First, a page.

"In the last twenty years or so, only three cases of a snakebite being fatal have been recorded in Croatia, in 2006, 2007 and 2013, they occur sporadically with an average number of cases of 0.2 per year for the analysed period, and the counties in which the cases occurred in Zadar, Split-Dalmatia and Lika-Senj counties", they stated from the Croatian Institute of Public Health.

Most of the victims who died from bites from Croatian snakes were adults. The absolute number of recorded deaths from this cause is small, so it can only be concluded that cases of deaths caused by Croatian snakes are extremely rare. Men are more often victims of snake bites than women. The most recorded bites were from the Common European viper (ridjovka), which is the most widespread venomous snake in Europe.

For more, make sure to check out our dedicated lifestyle section.

Friday, 11 February 2022

The Kuna, Croatia's Future Euro Coin Design Explained

February 11, 2022 – Considerable controversy has arisen in Croatia this week after artist Stjepan Pranjković was accused of plagiarising a winning proposal for the country's future Euro coin design of the Kuna. 

The graphic designer became the object of public scrutiny when members of the public began pointing out similarities between his composition and a photo of a marten taken by British photographer Iain H Leach. Pranjković has since withdrawn the proposal, leaving officials with the task of selecting a new motif before the coins enter circulation in January of next year.

Squabbling aside, I want to seize this opportunity to draw your attention to the real star of this somewhat dramatic narrative, our fuzzy friend, the kuna.

Many people are familiar with this mischievous forest creature and maybe understand why he lends his name to the national currency. However, if you're like me, you may recognize that gaps remain in your kuna-knowledge. If so, keep reading.

In biologists' speak, kuna (martens) constitute the genus Martes within the family Mustelidae, a group that includes more familiar carnivores like weasels, otters, badgers, and wolverines. There are many species of marten, ranging throughout Europe, Asia, and North America. The star of the current coin debacle is most likely a European pine marten (Martes martes), a common species across Europe, including in Croatia and in Leach's native Great Britain.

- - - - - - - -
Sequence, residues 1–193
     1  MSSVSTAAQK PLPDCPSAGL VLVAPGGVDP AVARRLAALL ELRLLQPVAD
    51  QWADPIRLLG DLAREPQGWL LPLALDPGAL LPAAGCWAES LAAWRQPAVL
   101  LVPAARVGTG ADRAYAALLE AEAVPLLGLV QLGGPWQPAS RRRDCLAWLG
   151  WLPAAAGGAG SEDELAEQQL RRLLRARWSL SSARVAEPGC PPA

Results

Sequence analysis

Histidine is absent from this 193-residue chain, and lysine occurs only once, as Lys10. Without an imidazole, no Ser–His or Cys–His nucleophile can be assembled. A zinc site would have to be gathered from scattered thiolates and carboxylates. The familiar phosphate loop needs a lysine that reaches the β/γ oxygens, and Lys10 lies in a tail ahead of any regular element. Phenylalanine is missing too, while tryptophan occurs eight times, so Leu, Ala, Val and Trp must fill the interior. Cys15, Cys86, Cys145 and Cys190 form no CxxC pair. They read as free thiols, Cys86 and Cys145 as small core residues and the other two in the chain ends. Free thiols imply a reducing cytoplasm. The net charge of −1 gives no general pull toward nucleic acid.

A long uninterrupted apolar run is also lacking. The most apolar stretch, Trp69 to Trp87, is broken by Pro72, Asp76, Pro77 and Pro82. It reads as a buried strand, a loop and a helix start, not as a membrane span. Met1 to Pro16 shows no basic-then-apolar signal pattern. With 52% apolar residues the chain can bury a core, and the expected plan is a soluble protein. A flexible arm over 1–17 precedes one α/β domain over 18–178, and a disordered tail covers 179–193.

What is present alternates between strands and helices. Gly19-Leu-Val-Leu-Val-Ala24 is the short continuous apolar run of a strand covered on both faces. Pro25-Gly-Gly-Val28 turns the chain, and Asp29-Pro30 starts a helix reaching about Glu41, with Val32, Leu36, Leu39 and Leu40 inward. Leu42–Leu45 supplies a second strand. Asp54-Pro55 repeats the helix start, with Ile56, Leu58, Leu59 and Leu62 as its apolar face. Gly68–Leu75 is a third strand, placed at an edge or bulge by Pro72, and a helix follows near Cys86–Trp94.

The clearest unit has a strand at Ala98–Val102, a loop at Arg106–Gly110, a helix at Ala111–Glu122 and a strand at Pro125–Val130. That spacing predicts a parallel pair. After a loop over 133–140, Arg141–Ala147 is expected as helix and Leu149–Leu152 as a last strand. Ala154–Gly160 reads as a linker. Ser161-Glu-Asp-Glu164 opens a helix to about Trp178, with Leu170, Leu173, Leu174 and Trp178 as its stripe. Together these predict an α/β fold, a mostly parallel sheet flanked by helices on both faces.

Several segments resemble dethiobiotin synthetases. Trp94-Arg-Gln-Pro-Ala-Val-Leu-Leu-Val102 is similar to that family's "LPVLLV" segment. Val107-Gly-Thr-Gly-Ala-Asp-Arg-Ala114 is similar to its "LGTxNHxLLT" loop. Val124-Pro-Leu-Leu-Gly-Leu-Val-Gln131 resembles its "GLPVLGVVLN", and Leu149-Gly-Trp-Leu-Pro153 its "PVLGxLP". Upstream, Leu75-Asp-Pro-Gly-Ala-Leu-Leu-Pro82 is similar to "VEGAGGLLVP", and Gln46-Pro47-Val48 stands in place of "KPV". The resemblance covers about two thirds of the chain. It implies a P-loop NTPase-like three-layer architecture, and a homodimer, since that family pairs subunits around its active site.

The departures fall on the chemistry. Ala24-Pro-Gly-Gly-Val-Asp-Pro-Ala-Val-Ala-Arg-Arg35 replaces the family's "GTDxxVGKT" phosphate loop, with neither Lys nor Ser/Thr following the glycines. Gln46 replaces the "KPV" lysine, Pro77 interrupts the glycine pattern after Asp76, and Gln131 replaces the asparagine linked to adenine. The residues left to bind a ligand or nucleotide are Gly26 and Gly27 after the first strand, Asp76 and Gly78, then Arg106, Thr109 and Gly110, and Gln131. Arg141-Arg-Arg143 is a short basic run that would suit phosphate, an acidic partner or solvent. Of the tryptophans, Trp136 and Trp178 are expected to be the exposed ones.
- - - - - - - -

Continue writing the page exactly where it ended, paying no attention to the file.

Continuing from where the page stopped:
The photo in question shows the kuna climbing on a branch. It comes as no surprise then that pine martens are arboreal, spending much of their time maneuvering amongst treetops. These agile predators use their semi-retractable claws to climb between branches, including those of the pines from which they take their name. These claws also come in handy when hunting and foraging their favourite foods: small mammals, birds, insects, fruits, and carrion… delicious! While not most appetizing to the average palate, scientists attribute the appetites of pine martens to a population reduction of the invasive grey squirrel in certain regions across Europe. While many view this fuzzy creature as a pest, this example demonstrates the valuable role pine martens play in their native habitat. Fortunately, despite pressure from deforestation and illegal hunting, the European pine marten is still classified as least concern by the International Union for Conservation of Nature.

So, how did this tree climbing, squirrel eating, weasel cousin end up at the centre of a national debate on currency design? Well, like most things in Croatia, the kuna goes back several centuries and has a complicated but interesting backstory. To understand, we must go back to medieval Croatia, a time when marten pelts were traded as money. Flash to the 13th century, the Croatian Viceroys distributed marten-adorned silver coins called banovac. However, the currency did not last long. As Croatia lost its autonomy to its union with larger and more powerful Hungary, the banovac disappeared in the following century. But this would not be the last time the world would hear the word kuna.

As I'm sure you are all aware, Croatian's are a stubborn and traditionalistic people. (I say this out of love and from personal experience). Thus, it was only natural that upon independence, Croatian leaders designated the kuna as the state currency on May 30, 1994. Ever since, the kuna has served both practically and symbolically as an embodiment of Croatian custom, identity, and national pride.